Sporting event concession stands: why the junk?

Photo+by+Mike+Nemec

Photo by Mike Nemec

Molly Mehle

Athletes generally play to win. Whether it be football, baseball, soccer, basketball, dance, etc., the reality of it is that the name of the game is usually winning.
Winning can’t just happen, though; it requires performance and training. For athletes to perform well, they have to be healthy and energized so they can reflect their full potential. What am I getting at, you may ask? Well, athletes need the right food in their stomachs in order to do their best. Coaches or trainers usually suggest fruits, vegetables, or maybe carbs or lean meats before a meet, game, or some sort of competition. Although, if you look around a sporting event at the concession stands set up, these normally aren’t the types of foods offered. The wafting smells of hot dogs, nachos, popcorn, or burgers surround people at game fields or in stadiums. There is usually candy and other sweets for sale along with sugary drinks and soda. How in the world does this correspond with what athletes are supposed to eat? Right, it doesn’t.
As a runner, for example, looks to snag a snack between events, he or she probably isn’t looking to stuff themself with fattening, heavy food. That just doesn’t make sense. Unfortunately, most sporting event environments offer only that. Every so often you may see a bag of pretzels or crackers for sale, but the bags hanging inside concession stands are a lot of the time greasy potato chips. Instead of energizing an athlete, these fatty foods will only fill them up in the wrong way.
I was the kind of kid who wanted to be going 100 miles a minute at all times. In the summer, I packed up my bag each morning prepared for golf, swim, and tennis lessons. My mom would give me a nutritional breakfast and an apple as I walked out the door. Wednesday nights were swim meet nights. I’d run to the concession stand between events in my swim cap and goggles and end up getting a Gatorade and maybe a hot pretzel thinking it would be a good thing to eat before I jumped in the water for another race. Wrong. Eating junk only made me feel sick, definitely not energized. Unfortunately, athletes deal with this all of the time.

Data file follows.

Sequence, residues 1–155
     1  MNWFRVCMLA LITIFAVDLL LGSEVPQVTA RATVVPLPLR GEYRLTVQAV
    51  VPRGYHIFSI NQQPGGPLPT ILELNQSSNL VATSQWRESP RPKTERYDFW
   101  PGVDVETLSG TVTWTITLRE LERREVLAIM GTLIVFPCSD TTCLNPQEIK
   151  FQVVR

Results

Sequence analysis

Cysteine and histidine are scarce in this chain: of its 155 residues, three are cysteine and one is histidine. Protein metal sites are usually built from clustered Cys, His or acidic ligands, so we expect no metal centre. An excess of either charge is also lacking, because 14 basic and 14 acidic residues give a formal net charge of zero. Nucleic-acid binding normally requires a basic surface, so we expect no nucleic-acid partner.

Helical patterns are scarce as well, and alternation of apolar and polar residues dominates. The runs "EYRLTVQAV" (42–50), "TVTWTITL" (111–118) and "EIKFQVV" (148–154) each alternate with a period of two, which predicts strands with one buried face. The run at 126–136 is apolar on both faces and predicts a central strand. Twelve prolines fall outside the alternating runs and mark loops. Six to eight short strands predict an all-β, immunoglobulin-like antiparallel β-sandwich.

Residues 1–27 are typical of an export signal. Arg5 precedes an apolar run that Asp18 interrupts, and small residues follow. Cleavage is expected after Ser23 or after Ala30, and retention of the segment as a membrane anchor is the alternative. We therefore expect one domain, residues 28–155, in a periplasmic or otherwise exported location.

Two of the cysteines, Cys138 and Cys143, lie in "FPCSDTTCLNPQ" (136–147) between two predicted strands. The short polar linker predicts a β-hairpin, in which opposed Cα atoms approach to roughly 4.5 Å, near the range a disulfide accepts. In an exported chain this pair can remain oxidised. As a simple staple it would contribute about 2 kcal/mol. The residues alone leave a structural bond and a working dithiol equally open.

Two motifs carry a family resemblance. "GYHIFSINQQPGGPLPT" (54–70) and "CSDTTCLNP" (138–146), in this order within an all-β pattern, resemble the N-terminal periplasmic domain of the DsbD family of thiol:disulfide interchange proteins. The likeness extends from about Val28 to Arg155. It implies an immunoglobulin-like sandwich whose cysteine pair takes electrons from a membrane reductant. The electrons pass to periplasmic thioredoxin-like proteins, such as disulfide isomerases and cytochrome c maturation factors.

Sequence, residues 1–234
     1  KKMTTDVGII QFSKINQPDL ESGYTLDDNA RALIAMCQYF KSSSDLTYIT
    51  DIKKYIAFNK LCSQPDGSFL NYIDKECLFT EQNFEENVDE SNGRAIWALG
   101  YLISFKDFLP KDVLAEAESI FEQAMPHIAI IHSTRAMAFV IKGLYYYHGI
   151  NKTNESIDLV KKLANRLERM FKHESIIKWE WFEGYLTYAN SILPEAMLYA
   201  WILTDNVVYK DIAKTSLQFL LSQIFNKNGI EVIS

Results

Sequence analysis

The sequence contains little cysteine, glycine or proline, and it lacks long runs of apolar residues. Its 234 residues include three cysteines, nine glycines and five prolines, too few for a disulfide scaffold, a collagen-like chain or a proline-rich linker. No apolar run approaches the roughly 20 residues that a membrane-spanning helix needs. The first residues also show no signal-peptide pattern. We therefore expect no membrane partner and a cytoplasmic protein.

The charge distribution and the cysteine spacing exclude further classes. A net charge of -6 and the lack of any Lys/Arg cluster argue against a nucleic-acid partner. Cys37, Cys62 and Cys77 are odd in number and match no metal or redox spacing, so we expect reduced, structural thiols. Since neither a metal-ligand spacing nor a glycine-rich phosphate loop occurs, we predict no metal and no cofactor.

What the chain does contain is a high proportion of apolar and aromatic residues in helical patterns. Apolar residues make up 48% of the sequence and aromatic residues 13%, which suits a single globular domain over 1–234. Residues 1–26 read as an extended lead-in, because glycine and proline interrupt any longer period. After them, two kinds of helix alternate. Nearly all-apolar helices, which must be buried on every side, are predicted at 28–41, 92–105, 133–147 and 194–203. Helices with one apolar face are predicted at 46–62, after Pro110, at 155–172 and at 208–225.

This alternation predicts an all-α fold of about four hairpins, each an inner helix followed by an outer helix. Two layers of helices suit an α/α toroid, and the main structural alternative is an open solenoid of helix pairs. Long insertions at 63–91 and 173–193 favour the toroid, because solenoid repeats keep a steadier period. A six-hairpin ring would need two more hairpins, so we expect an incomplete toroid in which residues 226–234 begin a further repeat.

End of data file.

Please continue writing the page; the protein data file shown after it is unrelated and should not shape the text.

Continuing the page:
I started dancing competitively in fifth grade, which I found to require much more stamina than any other sport I’d ever participated in. Believe it or not, I discovered that dance competitions served the same kinds of food as other sporting events. Just great. Before and after performing dances, dancers should eat nourishing foods that will keep them replenished and ready to go. Why is it so difficult to sell fruits and vegetables at concession stands? Instead of ice cream and cookies, offer some peanut butter crackers or yogurt. If sporting event concession stands would alter their menus to be at least somewhat healthy, athletes would surely perform better and get more out of their exercise. Basketball players about to play a big game against their rival shouldn’t gorge themselves with hot dogs and burgers; they should eat a filling yet healthy meal that will make them feel good and give them the ability to be the best they can be.
My point here is that fattening foods being served at sporting events only tempt athletes to eat them because they’re hungry and need some energy. Ironically enough, eating badly is making them worse off. It’s an easy fix; it just needs to be acted on.
Stop with the junk at games. Instead of concession stands stocking up with greasy foods and fattening snacks, those in charge should actually consider what athletes should be eating at their sporting events. Swap some hotdogs and nachos for some bananas or carrots and a salad with some chicken. The day I see fruit and vegetables in a concession stand will surely be a good one.

Photo by Mike Nemec
Photo by Mike Nemec